Greenfield Select Board member Mason Parker calls for funds to address deferred maintenance
|Published: 02-12-2024 1:10 PM
Discussion at Greenfield’s annual budget hearing centered on planning for large upcoming expenditures in the next several years, including a new road grader, a dump truck, replacement windows in the Town Offices, repairs to the town ball field and a new police cruiser.
Select Board member Mason Parker advocated for setting aside money in the capital reserve funds in order to catch up on maintenance and planned vehicle and equipment replacements.
“We deferred maintenance on this meetinghouse for too long, and now it needs $2 million worth of work,” Parker said. “If we had put more money in the capital reserve fund in years past, we could have been doing the larger projects on this building, and we would not be in the boat we are in now. We’ve researched the state of all the town buildings — the town offices, the recycling center, the police station — and we will need to put aside $100,000 a year to get caught up on maintenance, and that doesn’t even include this Meetinghouse.”
The town applied has applied for a CDFA Community Center Grant to assist with repairs to the Meetinghouse.
Assistant Town Administrator Catherine Shaw said water “pours in the window” at her office when it rains.
“We are repairing the windows in the Town Offices, and then the next thing on that building will be paint,” Parker said.
All town department heads spoke about the difficulties of finding staff in the current labor shortage, securing new equipment and parts due to supply chain issues, obtaining estimates for repairs and the high cost of inflation. Police Chief Brian Giammarino spoke about the need for a new police cruiser, which the town typically replaces every seven years.
“The cost of cruisers has doubled, and they are very hard to find,” Giammarino said.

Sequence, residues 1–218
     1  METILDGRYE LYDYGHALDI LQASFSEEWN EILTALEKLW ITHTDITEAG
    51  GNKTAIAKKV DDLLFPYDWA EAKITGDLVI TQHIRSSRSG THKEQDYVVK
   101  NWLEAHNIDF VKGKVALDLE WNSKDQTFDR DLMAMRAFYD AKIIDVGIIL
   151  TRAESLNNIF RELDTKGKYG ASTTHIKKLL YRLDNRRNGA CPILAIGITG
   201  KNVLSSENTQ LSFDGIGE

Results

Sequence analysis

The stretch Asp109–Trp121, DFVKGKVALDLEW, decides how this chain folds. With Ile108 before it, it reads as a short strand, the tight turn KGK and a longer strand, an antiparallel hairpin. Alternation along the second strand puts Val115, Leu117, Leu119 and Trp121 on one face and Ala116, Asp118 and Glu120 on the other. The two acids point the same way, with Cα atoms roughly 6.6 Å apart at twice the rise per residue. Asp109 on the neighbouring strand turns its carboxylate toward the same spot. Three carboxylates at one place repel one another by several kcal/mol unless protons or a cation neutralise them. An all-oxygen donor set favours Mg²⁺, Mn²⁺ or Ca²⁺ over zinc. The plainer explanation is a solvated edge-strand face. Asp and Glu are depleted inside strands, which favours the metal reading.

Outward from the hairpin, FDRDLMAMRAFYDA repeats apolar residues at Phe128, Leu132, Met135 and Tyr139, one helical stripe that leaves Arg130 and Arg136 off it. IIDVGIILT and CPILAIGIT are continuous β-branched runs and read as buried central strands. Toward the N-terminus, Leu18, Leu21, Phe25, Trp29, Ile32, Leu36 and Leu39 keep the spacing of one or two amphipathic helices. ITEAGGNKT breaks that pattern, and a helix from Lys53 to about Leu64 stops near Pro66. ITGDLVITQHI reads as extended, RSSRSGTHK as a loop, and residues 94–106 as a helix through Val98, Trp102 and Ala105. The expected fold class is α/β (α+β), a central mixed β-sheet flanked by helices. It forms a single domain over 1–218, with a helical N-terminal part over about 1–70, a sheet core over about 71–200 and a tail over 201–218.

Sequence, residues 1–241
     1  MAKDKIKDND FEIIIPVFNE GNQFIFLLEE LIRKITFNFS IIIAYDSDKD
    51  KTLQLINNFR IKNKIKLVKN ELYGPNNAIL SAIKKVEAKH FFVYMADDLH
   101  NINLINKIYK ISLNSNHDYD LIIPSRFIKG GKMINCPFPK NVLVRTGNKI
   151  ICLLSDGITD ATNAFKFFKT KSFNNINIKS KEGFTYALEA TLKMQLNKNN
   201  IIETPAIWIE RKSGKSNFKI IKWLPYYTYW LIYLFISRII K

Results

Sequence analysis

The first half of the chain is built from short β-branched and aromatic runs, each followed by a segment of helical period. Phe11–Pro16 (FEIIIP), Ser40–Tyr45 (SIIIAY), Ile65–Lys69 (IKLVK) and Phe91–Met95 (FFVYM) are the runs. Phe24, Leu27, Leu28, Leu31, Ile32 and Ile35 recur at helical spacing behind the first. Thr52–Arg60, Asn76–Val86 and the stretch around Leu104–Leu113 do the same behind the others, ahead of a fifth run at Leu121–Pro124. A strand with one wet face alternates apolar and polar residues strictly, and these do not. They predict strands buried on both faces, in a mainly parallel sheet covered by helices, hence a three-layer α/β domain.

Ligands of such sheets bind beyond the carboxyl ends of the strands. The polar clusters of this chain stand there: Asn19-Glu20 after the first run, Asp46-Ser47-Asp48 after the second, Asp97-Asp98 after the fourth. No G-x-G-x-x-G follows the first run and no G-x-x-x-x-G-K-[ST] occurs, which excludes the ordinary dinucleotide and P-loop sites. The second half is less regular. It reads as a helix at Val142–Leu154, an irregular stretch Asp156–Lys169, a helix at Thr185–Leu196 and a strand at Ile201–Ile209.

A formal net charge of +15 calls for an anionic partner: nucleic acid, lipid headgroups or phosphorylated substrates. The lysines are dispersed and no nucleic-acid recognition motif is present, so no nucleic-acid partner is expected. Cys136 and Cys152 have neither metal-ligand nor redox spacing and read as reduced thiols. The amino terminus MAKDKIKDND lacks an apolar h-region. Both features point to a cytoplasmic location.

In answer to questions from several residents about Greenfield’s consistently high taxes, Town Administrator Aaron Patt noted that 20% of Greenfield’s land is owned by nonprofit organizations and cannot be taxed.
“Greenfield has $100 million worth of land in nonprofit status,” Patt said. “Some organizations, such as the Barbara C. Harris Center, always pay a PILOT (Payment in Lieu of Taxes), but the payment is voluntary. They don’t all pay it.”
Nonprofit organizations in Greenfield include the Crotched Mountain Foundation (which still owns much of the land surrounding the Crotched Mountain campus), the Barbara C. Harris Center, Plowshare Farm, Brantwood Camp, Camp Winamac and Seven Hills Foundation. In addition, the State of New Hampshire owns thousands of acres between the North Pack reserve, the Powdermill pond boat ramp and Greenfield State Park.
“We get nothing from the state park,” Parker said.
Parker said the Select Board has met with Seven Hills Foundation, the new owner of the Crotched Mountain School campus, about the organization’s plans for a PILOT contribution to offset the heavy use of emergency services that historically has been required by the school.
“With Gersh, the previous owner, we were getting multiple alarm calls every day, and we had to turn out for those calls several times a day due to students maliciously pulling the alarms,” said Select Board Chair Mike Borden, a captain in the Fire Department.
Fire Chief Jeff LaCourse said that in 2022, Hancock had 150 calls but Greenfield had 379 calls, primarily due to alarm calls from Gersh.
“They were completely draining our services,” Parker agreed.
Parker said that so far, Seven Hills has agreed to pay a PILOT of $100,000 a year.
“We are hoping we can renegotiate that figure. The Crotched Mountain Foundation used to pay a $180,000 PILOT, and they used to rent the old Town Office Building (now the police station) for $1,800 a month. Losing that over $200,000 a year in revenue is a big part of our taxes going up,” Parker said.
Resident Andra Hall noted that Seven Hills is in the process of developing full student capacity and is not fully staffed yet or fully operational yet. Borden said the school plans to add five students a month in 2024.
In a lengthy discussion on the Fire Department budget, resident Jack Moran asked whether the regular increase can be justified given the town has not added a significant number of new buildings or population in recent years. Patt responded that the aging population of town requires more medical calls.
“The fire service is 75% medical,” Patt said.
As the meeting adjourned, Patt said that 2024 will be a revaluation year for Greenfield, with all properties in town slated for reassessment.
“The entire value of the town will go up; property values are expected to double. Please, please do not take your new assessed value and multiply it by your old tax rate and become alarmed. The rate will go down, and it will even out, ” Patt said.
No warrant articles were altered or removed at the hearing.
Greenfield’s complete budget and warrant are available at greenfield-nh.gov.